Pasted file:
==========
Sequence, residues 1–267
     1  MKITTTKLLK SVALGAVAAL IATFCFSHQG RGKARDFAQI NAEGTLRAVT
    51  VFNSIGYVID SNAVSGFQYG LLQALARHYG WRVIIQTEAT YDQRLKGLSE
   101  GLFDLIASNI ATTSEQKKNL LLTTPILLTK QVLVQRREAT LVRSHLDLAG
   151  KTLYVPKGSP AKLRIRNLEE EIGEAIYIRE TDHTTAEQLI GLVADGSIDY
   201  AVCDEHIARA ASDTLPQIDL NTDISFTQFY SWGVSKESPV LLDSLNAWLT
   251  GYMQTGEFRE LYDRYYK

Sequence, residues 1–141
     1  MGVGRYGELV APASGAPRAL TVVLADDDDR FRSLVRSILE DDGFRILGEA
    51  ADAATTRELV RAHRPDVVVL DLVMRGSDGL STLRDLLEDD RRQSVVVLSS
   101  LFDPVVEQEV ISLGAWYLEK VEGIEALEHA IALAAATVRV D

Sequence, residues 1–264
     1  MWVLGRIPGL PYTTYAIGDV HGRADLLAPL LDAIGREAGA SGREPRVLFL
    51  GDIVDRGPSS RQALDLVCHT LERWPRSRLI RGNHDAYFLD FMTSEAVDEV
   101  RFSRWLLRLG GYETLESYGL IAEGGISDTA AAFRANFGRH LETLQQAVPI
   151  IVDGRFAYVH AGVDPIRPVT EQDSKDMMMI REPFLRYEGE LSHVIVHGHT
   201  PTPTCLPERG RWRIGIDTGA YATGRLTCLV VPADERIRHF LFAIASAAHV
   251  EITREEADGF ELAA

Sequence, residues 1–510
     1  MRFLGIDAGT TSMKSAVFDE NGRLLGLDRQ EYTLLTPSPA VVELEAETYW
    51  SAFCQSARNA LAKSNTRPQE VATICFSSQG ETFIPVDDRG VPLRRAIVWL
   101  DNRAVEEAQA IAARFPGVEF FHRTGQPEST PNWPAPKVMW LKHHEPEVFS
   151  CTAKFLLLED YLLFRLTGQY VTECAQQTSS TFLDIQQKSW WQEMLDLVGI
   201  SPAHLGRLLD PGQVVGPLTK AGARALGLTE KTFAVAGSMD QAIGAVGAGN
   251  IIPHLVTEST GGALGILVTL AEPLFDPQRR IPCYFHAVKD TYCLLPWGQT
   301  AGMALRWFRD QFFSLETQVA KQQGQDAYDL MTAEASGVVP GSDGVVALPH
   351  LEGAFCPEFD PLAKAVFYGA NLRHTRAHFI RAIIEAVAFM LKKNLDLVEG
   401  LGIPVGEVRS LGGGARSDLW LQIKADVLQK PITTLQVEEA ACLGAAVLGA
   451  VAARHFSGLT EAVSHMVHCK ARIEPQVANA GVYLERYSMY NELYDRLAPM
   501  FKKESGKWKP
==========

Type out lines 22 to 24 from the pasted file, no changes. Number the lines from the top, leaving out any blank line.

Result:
   101  DNRAVEEAQA IAARFPGVEF FHRTGQPEST PNWPAPKVMW LKHHEPEVFS
   151  CTAKFLLLED YLLFRLTGQY VTECAQQTSS TFLDIQQKSW WQEMLDLVGI
   201  SPAHLGRLLD PGQVVGPLTK AGARALGLTE KTFAVAGSMD QAIGAVGAGN